Now What? - How to Take Back Control
If you suspect you have been hacked, stay calm; you will get through this. If the hack is work-related, do
not try to fix the problem yourself; report it immediately. If it is a personal system or account that has
been hacked, here are some steps you can take:
It’s well known that people online aren’t always as they appear. However, tens of thousands of internet users fall victim to online romance scams each year. These scams can be incredibly convincing and are increasingly found across dating sites and social media platforms.
By appealing to victims’ emotions and feigning personal connections, scammers will try to steal large sums of money and personal information. Luckily, there are ways to identify a scam and protect yourself online.
Millions of people are unaware of and uninformed about how their personal information is being used, collected or shared in our digital society. Data Privacy Day aims to inspire dialogue and empower individuals and companies to take action.
To create a secure home network, you need to start by securing your Wi-Fi access point (sometimes called a Wi-Fi router). This is the device that controls who and what can connect to your home network.
Trying to securely make the most of today’s technology can be overwhelming for almost all of us, but it
can be especially challenging for family members not as used to or as familiar with technology.
Cyber attackers have learned that the easiest ways to steal your information, hack your accounts, or infect your systems is by simply tricking you into doing it for them using a technique called social engineering.
Phishing attacks use email or malicious websites to infect your machine with malware and viruses in order to collect personal and financial information.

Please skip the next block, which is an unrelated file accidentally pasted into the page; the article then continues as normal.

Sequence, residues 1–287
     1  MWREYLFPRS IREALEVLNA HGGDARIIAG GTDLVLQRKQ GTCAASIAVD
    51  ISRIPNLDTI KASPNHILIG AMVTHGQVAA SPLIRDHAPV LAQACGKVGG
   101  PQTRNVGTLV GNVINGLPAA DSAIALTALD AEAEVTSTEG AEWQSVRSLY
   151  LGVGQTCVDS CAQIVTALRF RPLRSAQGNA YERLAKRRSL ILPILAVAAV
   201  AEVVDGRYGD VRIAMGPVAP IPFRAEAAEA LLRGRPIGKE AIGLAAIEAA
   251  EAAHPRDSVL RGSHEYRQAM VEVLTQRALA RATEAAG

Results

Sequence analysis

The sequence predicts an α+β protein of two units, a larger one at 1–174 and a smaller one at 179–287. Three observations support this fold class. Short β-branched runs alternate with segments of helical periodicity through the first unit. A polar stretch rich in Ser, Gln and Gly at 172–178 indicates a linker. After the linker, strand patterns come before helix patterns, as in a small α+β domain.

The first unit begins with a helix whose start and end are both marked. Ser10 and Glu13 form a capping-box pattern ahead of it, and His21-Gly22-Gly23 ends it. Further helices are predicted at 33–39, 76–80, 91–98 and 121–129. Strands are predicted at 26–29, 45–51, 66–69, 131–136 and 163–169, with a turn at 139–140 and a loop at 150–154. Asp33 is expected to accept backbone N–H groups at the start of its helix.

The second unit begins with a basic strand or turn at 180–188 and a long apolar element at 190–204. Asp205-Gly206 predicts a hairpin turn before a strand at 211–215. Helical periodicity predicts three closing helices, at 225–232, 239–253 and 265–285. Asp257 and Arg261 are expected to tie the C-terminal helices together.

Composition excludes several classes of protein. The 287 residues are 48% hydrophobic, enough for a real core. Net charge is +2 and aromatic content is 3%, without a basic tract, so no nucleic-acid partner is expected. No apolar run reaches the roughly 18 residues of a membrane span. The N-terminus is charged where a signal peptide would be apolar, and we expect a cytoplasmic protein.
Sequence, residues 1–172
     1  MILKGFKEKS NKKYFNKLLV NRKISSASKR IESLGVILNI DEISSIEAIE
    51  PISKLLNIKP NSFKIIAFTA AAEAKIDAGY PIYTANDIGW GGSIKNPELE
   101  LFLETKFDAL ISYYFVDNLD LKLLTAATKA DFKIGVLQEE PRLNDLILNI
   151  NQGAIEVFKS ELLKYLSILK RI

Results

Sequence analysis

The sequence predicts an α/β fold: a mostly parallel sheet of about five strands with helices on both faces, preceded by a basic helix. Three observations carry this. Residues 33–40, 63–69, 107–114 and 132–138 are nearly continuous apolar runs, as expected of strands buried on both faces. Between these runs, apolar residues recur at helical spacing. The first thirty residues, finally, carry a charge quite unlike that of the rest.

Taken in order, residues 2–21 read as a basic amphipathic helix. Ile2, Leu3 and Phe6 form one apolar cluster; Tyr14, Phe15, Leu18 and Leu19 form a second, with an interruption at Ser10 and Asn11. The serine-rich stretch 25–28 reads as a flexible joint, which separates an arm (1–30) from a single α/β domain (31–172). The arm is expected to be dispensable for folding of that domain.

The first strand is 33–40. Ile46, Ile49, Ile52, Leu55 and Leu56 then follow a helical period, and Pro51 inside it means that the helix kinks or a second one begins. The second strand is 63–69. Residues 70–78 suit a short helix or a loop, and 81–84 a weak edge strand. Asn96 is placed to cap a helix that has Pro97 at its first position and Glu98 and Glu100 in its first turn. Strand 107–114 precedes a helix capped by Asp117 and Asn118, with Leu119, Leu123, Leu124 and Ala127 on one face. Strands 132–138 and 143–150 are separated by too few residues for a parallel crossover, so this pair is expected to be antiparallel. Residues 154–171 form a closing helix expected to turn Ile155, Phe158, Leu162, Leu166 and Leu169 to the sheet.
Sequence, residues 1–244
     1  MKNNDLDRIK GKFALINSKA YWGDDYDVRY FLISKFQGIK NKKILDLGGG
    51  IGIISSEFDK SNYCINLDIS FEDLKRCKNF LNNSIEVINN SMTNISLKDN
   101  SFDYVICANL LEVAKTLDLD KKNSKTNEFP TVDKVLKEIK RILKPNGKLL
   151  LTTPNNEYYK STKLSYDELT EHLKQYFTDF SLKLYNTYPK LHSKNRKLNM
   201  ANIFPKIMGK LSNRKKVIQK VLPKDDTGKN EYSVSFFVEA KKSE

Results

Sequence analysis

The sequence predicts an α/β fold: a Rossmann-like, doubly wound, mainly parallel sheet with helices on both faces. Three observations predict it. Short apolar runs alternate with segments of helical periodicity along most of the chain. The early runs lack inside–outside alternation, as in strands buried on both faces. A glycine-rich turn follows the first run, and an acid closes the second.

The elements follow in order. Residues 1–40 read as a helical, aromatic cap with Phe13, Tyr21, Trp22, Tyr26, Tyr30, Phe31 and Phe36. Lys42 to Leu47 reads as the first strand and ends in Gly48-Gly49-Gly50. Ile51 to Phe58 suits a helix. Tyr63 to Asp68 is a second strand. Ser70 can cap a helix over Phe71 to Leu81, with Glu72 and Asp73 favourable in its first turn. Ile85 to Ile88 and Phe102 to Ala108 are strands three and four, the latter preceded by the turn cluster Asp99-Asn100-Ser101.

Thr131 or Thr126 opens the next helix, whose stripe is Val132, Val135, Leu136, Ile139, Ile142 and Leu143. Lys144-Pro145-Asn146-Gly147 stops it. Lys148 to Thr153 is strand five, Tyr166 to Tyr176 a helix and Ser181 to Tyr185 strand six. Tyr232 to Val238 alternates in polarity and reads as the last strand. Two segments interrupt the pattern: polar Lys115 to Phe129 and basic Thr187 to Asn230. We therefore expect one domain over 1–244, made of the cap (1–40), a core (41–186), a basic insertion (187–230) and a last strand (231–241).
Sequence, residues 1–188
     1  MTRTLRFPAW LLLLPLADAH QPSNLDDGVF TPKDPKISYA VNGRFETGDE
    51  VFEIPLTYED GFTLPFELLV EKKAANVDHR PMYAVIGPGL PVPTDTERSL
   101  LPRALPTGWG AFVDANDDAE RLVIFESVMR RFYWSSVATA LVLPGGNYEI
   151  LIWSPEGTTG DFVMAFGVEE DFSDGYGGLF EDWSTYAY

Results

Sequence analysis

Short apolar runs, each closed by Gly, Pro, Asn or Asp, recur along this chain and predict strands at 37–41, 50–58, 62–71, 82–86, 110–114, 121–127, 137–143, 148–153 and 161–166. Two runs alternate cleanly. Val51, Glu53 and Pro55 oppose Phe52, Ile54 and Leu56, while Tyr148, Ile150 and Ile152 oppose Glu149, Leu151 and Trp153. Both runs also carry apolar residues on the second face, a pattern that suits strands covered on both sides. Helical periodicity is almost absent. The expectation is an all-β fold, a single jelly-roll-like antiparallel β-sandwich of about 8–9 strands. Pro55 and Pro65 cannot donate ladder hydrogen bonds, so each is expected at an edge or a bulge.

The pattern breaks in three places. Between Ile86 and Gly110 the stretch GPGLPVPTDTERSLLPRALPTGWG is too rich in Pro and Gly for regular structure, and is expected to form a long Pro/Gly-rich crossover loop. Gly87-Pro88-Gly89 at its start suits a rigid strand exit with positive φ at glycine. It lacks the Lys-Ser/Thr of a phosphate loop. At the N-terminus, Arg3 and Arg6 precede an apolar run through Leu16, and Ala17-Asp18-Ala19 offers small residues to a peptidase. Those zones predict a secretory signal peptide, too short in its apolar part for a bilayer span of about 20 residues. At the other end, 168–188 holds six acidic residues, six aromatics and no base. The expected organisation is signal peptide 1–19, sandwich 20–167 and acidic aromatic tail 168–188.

Creating a strong password is an essential step to protecting yourself online. Using long and complex passwords is one of the easiest ways to defend yourself from cybercrime.
More and more of our home devices—including thermostats, door locks, coffee machines, and smoke alarms—are now connected to the Internet.
These advances in technology are innovative and intriguing, however they also pose a new set of security risks. #BeCyberSmart to connect with confidence and protect your digital home.
An official-looking envelope arrives in the mail with a check or money order for$20,000 inside.
The letter says you have won$4 million in a sweepstakes or lottery. You just need to wire $3,000 for taxes to claim the rest of your winnings.
Is this your lucky day?
NO! It is a fake check scam that will cost you thousands.
Multifactor authentication (MFA) is defined as a security process that requires more than one method of authentication from independent sources to verify the user’s identity.
The Internet touches almost all aspects of our daily lives. We are able to shop, bank, connect with family and friends, and handle our medical records all online. These activities require you to provide personally identifiable information (PII) such as your name, date of birth, account numbers, passwords, and location information.
Did you know -
- The average cost of a data breach for a US company in 2019 was $8.19 million? That's an increase of 130% since 2006!
- 7-10% of the U.S. population are victims of identity fraud each year, and 21% of those experience multiple incidents of identity fraud.
Tax season is primetime for online scams. The National Cyber Security Alliance (NCSA) and the Identity Theft Resource Center (ITRC) have once again joined forces to help consumers keep safe during tax season with tips for identifying cyber scams, actionable online safety steps and what to do if you fall victim to tax identity theft.
In a world where we are constantly connected, cybersecurity cannot be limited to the home or office. When
you’re traveling— whether domestic or international—it is always important to practice safe online behavior and
take proactive steps to secure Internet-enabled devices.